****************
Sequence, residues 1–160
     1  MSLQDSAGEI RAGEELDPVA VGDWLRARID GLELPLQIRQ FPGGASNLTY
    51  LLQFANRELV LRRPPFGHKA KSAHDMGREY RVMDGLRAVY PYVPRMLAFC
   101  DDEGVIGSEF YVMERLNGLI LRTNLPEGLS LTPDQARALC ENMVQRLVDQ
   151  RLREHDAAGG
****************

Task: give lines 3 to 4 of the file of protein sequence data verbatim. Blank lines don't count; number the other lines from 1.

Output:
    51  LLQFANRELV LRRPPFGHKA KSAHDMGREY RVMDGLRAVY PYVPRMLAFC
   101  DDEGVIGSEF YVMERLNGLI LRTNLPEGLS LTPDQARALC ENMVQRLVDQ